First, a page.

What is the use of the WITH statement in Python?

In this article, we will learn about the “with” statement in python and its uses.

  • The with statement in Python replaces a try-catch block with a simple shorthand.

  • More significantly, it ensures that resources are closed immediately after processing.

  • Reading or writing to a file is a common use of the with statement.

  • A context manager is a function or class that supports the with statement. A context manager enables you to open and close resources right when you want to.

  • The open() function, for example, is a context manager. When you use the with statement to call the open() function, the file closes automatically after you've processed it.

Using “with” statement to open and read a file

Algorithm (Steps)

Following are the Algorithm/steps to be followed to perform the desired task −

  • Use the open() function(opens a file and returns a file object as a result) to open the text file in read-only mode by passing the file name, and mode as arguments to it (Here “r” represents read-only mode).

with open(inputFile, 'r') as fileData:
  • Using the readlines() function to obtain the list of lines of a given text file.

  • Traverse through each line of the given text file using the for loop.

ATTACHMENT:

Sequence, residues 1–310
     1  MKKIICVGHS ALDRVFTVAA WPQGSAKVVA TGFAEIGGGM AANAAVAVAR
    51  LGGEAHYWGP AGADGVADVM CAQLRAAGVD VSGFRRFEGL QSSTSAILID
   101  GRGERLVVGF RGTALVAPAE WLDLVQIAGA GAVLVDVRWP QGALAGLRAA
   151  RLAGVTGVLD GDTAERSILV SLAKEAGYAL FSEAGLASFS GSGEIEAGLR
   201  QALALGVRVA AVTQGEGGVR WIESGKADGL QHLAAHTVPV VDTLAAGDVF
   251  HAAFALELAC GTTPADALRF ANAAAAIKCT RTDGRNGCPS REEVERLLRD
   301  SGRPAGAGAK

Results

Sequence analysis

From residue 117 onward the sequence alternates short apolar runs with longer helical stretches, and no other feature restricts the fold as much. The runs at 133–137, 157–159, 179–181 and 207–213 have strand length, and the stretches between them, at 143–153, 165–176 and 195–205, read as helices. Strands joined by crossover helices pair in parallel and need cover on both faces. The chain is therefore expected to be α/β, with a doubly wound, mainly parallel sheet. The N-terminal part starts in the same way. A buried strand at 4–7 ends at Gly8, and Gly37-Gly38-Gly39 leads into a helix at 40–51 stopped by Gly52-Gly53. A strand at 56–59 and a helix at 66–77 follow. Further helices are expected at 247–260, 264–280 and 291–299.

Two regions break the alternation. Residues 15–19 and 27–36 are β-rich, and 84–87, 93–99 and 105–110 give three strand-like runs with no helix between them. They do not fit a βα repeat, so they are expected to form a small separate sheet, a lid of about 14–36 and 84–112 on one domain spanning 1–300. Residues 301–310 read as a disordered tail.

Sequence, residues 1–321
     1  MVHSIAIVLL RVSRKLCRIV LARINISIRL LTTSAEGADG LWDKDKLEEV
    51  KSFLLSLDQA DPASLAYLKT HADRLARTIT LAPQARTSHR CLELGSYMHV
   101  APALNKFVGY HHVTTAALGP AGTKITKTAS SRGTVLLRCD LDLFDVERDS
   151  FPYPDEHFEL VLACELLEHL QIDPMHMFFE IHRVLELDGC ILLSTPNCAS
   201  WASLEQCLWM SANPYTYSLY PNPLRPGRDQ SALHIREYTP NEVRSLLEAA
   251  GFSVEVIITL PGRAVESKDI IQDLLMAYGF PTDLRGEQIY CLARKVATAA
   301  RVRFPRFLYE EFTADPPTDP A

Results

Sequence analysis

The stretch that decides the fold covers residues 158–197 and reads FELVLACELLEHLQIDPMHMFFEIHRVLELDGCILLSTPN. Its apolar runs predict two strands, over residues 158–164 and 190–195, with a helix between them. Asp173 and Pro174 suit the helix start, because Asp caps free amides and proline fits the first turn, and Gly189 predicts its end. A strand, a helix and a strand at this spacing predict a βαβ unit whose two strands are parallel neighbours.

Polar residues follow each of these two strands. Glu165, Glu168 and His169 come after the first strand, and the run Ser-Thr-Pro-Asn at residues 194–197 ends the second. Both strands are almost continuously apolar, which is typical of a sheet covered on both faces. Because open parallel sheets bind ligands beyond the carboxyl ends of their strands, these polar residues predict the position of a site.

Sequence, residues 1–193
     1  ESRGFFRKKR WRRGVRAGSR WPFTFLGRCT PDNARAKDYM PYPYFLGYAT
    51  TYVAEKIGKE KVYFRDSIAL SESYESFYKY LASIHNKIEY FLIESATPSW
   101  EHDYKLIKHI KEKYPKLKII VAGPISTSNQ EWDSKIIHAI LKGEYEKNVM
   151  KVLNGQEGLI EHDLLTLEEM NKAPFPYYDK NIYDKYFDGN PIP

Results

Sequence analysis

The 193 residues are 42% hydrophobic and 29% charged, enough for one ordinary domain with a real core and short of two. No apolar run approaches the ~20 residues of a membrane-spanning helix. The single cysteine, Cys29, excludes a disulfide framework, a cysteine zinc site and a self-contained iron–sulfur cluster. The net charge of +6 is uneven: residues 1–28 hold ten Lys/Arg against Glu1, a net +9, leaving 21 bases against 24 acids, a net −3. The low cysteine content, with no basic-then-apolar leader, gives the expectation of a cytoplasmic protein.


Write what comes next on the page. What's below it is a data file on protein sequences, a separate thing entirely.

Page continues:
• Print the corresponding line of a text file.


# input file path inputFile = "ExampleTextFile.txt" print("The lines of a given Text File are:") # Opening the given file in read-only mode. with open(inputFile, 'r') as fileData: # Read the above file lines using readlines() fileLines = fileData.readlines() # Traverse in the each line of the text file for textLine in fileLines: # printing each line print(textLine)


The lines of a given Text File are:
Good Morning this is Tutorials Point sample File
Consisting of Specific
Good source codes in Python,Seaborn,Scala
Summary and Explanation

With keyword is used not only to open a file in reading mode, but also to assign an alias name to the opened file.

Replacing try-catch blocks using “with” statement

In Python, you may use a try-catch error handling to open and write to a file.

The with statement, under the hood, replaces the below kind of try-catch blocks


# opening the file in write mode using the open() function inputFile = open("tutorialsFile.txt", "w") # handling the exceptions using try-catch blocks try: # writing text into the file inputFile.write("Hello tutorialsPoint python") finally: # closing the file inputFile.close()


Hello tutorialsPoint python

This program opens the file tutorialsFile.txt. If no such file exists, the program creates it. The code then writes "Hello tutorialsPoint python" to the file and then closes it.

There's nothing wrong with this method. However, there is a more elegant method to accomplish this using the with statement.

Now let's use the with statement to recreate the preceding example −

# opening a file in write mode with an alias name using with statement with open("tutorialsFile.txt", "w") as file: # writing text into the file file.write("Hello tutorialsPoint python")